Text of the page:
(c) Copyright PWxyz, LLC. All rights reserved
Review by Kirkus Book Review

A piercing critique of the shallowness of academia and the soufflélike weightlessness of American culture. As romans à clef go, this doesn't get much more clef-y. A young Mexican journalist (like Medina Mora), Sebastián Arteaga y Salazar, gets a scholarship to Iowa (like Medina Mora), and, on graduating, spurns residence in the U.S. to return to Mexico City (like Medina Mora). On that scaffolding the author builds a steely-eyed but not unsympathetic portrait of the people he meets. "In Mexico, not even the oligarchs are happy," notes Sebas, as his American friends dub him. He comes from a well-to-do household, its head a Supreme Court judge, in a country so riven by inequality that he's moved to ask his police bodyguard, "Why haven't the poor killed the rich already?" He arrives in the promised land of El Norte brilliantly well versed in literature, philosophy, history, art, to find most of his would-be compatriots profoundly ignorant. The Swiftian cast of characters includes the "Austro-Hungarians" of Sebastián's privileged class and family and, in Iowa, writer wannabes dubbed "the Decanonizer," "the Pseudo-Anthropologist," and "the Delightful Kid from Michigan." What he learns from those north-of-the-liners, including a girlfriend who's a groupie of all things Latine, is that, as Habsburgian as he might be, he's still just another brown person to them. More, after years in the U.S., "I loved America more than myself, but America didn't love me back," which causes him to head home, now disabused. Among many highlights: a splendid evisceration of "a Proud Boy-in-training" writing student and a superb closing paragraph that quietly evokes The Great Gatsby while being utterly original. A debut from an author to keep on your radar, assured, darkly funny, and impeccably written. Copyright (c) Kirkus Reviews, used with permission.

Copyright (c) Kirkus Reviews, used with permission.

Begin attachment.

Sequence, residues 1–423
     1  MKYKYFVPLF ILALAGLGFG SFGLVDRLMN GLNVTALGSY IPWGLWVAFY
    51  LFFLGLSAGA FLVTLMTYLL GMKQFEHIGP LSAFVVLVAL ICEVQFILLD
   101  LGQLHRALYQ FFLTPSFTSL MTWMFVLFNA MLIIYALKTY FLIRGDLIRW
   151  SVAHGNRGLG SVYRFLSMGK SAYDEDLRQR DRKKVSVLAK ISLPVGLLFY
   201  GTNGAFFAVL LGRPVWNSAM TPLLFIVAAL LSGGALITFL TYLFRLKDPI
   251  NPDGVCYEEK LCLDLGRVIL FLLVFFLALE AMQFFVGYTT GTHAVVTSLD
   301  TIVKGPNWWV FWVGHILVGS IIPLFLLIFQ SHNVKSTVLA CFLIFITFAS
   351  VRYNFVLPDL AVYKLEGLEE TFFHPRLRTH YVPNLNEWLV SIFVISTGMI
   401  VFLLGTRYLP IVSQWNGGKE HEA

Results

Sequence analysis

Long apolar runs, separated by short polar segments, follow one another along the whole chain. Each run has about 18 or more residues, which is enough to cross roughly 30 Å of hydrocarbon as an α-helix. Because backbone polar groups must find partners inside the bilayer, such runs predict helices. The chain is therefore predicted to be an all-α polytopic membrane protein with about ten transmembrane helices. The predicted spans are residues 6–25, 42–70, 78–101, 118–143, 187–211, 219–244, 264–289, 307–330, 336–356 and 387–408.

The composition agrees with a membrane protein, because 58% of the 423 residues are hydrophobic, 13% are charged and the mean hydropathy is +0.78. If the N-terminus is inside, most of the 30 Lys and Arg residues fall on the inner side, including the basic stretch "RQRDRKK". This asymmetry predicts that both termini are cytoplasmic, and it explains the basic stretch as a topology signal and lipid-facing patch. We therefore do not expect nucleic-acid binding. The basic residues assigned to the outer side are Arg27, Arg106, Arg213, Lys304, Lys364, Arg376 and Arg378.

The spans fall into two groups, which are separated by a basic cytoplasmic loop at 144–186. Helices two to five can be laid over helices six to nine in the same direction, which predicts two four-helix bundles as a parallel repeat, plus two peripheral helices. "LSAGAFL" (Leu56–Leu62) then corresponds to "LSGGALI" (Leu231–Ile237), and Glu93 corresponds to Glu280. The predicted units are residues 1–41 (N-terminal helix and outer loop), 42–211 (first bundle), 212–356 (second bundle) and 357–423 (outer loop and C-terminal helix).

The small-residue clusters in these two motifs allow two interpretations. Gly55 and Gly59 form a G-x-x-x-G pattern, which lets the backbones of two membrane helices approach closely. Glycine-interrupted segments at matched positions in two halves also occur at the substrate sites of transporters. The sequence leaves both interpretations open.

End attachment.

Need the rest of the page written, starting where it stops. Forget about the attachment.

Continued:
Entre las naciones como entre los amantes Like the Spaniards before them, the Americans landed in Veracruz and marched west, away from the malarial fevers of the Tierra Caliente and up the jagged slopes of the Sierra Madre, past taciturn agaves and stern oyameles and the blinding snowcaps of half-asleep volcanoes, until they reached the high valley where the air was thin and clear and the white light of the autumn sun fell vertical and merciless on the ill-defended capital, casting angular shadows on the barricades where the remnants of an army of barefoot conscripts whiled away their final moments, dulling terror with liquor and gambling, gathering stones to throw when their obsolete muskets ran out of ammunition, not so much resolved as resigned to die in a futile stand against an enemy destined to rule the continent. The truth, however, is that none of it was fated. At the start of the nineteenth century, conflict between Mexico and America was likely but not inevitable. The war that transformed the United States from an uneasy federation of small Atlantic republics into a global empire was but one of infinite possible outcomes: trusting coexistence grounded on commerce, friendship born from shared commitments to self-determination, even a gradual blurring of the lines that in due time could have brought about the death of two nation-states founded on genocide and slavery--and given birth to a North American Commune. But history is the transmutation of contingency into necessity, and what need not happen did. In the cool hours before dawn on September 12, 1847, the artillerymen of the United States Army trained their howitzers on the last significant fortification between them and Mexico City: Chapultepec Castle, a stone complex atop a steep hill, built as a manor, that now housed a military academy. Sixteen-inch rounds began falling on walls adorned with ornate masonry but offering scant cover. The thousand men of the garrison--among them cadets as young as thirteen--had no choice but to stand under fire for twelve hours, watching shrapnel tear and shred their friends. The following day, hundreds of US marines charged up the hill, taking cover behind venerable cypresses decorated with long hanging moss, dear alike to Cortés and Moctezuma. When they reached the parapet, they leaned siege ladders against the walls and began to climb in a swarm. At first the marines died in scores, their bodies tumbling on their brothers and dragging them to their deaths. But they were many and their adversaries were few. By midmorning the defenders had been overrun. In the years after the battle-dust settled, the Mexican republic would try to make sense of the humiliation it had suffered. The future had looked so promising just decades earlier, when New Spain broke free from its hemophiliac metropole to become one of the largest countries in the world: a vast realm, rich in silver and in people, that stretched from the forests of Oregon to the jungles of Darién. Now, however, Mexico City had been conquered a second time. How to look in the mirror? What to tell the young? The factual record offered no answers. And so the nation's patriotic scribes reached for myth, or rather for epic: a form where the beauty of heroism is enough to redeem defeat. The scribblers set out to find Hectors for their North American Troy--and found them in the cadets of Chapultepec. Over the course of countless retellings, the memory of the child-soldiers underwent a process not unlike the one Freud describes in The Interpretation of Dreams. Truths too painful to contemplate became half-truths, which in turn became wish-fulfilling fantasies, which were then passed off as truths. The logic of literature replaced that of history. Nonfiction became fiction. Soon the central story Mexicans told about the war was the tale of a handful of boys who'd fought to the end, long after all hope was lost, retreating to the highest tower rather than surrendering with their older comrades. When the Marines reached the platform, the last surviving cadet tore the Mexican flag from its pole, wrapped it around his adolescent body, and leaped off the cliff. The dreamwork allowed Mexicans to convince themselves that the Americans had defeated them not because they were worthier but merely because they were stronger. But to believe one's fantasies is the definition of madness. And so perhaps it would behoove us to counter the epic of the Heroic Children with another tale--one taken from history rather than from dreams. A few weeks before the cadets of Chapultepec committed ritual suicide, a very different young Mexican arrived in Washington for a secret audience with the secretary of state, James Buchanan, who would later become president. His mission was simple if not easy: negotiate an informal agreement that would protect the interests of the Mexican aristocracy. The secret agent, don Luciano Fernando Arteaga y Salazar, was the scion of an old family from Durango, a horse-breeding clan whose founder had received his hacienda in recognition of his services to Cortés. He'd been sent to England at a young age to receive a proper education, then travelled the continent armed with letters of recommendation that introduced him to the best minds of the age. By the time he returned to Mexico, he'd become something rarer and more dangerous than a cosmopolite: a translator. When it became obvious that the war was lost, the notables of Mexico City summoned Arteaga y Salazar to a private meeting at the country estate of the archbishop's illegitimate son. They explained that, while patriotic honor demanded that they continue to publicly support the war effort, their responsibility as unacknowledged stewards of the nation compelled them to look at things unsentimentally. The countless revolutions and counterrevolutions that had kept the country on fire ever since independence suggested that the people of Mexico were simply incapable of pursuing their own best interests. Reunion with Spain was not only impossible but also undesirable--the notables remembered the condescension with which their peninsular cousins had treated them. But the American invasion, perfidious as it was, offered an unexpected opportunity. And so Arteaga y Salazar assumed a false name and sailed from Campeche to Philadelphia, where he made contact with American agents. On that day in September, however, almost nobody in Mexico City knew of the young translator and his secret mission. After the fall of Chapultepec, the surviving Mexican forces fought on throughout the day, putting up fierce resistance near San Cosme. But then, at nightfall, the Americans fired artillery shells on the crowded city center. The Mexican commander-in-chief, don Antonio López de Santa Anna, that one-legged Simón Bolívar impersonator, gathered the dregs of his army and quietly abandoned the capital, declaring that he hoped to spare its inhabitants a week of house-to-house butchery followed by nights of looting and rape. It was only much later that the people of Mexico learned that Santa Anna's retreat had nothing to do with protecting the innocent--and everything to do with the agreement Arteaga y Salazar had brokered in Washington. At dawn on September 14, the Americans marched into Mexico City. Terrified of ambushes, they advanced in perfect silence, surprised to encounter no resistance. As rumors spread, crowds gathered on rooftops to watch the ghostly procession of the conquerors. Once his troops had secured the central plaza, the Zócalo, General Winfield Scott, known to favor fuss and feathers, dressed in parade uniform and mounted a handsome white horse, hoping to cut a fine stamp on his entrada. He rode onto the square, where he supervised the raising of the Stars and Stripes and reviewed his triumphant ranks as they broke into a spontaneous rendition of "Yankee Doodle." The corpulent general took possession of the National Palace and climbed to the balcony to address his troops and the people they'd conquered. He'd just begun a pompous speech when a group of women who'd gathered in the plaza interrupted him with heckles: "¡Cállate, puerco!" Then a shot went off from some high window, wounding a US officer in the leg. The Americans turned their cannon on the crowd and opened fire with grapeshot munitions. When news of the victory reached Washington, the American republic debated just how much land to annex. Some rallied behind the cry of ALL OF MEXICO, arguing with the governor of Virginia that SLAVERY SHOULD POUR ITSELF ABROAD WITHOUT RESTRAINT AND FIND NO LIMIT BUT THE SOUTHERN OCEAN. But in the end the rulers of the newborn empire decided to keep only the northern half of the country they'd defeated. The reasons, in the words of one Senator Calhoun, Democrat of South Carolina, were straightforward: To incorporate Mexico would be the very first instance of the kind of incorporating an Indian race; for more than half of the Mexicans are Indians . . . I protest against such a union as that! Ours, sir, is the Government of a white race. The great misfortunes of Spanish America are to be traced to the fatal error of placing these colored races on an equality with the white race. The dream of a united North America was forever lost. The two nations were never joined, neither in marriage nor by conquest, and instead remained divided by a line--so thin as to be invisible, so stark as to be impassable--that cut not just across the land, but also through the heart. It should come as no surprise that love between their children became impossible. Excerpted from América Del Norte by Nicolás Medina Mora All rights reserved by the original copyright owners. Excerpts are provided for display purposes only and may not be reproduced, reprinted or distributed without the written permission of the publisher.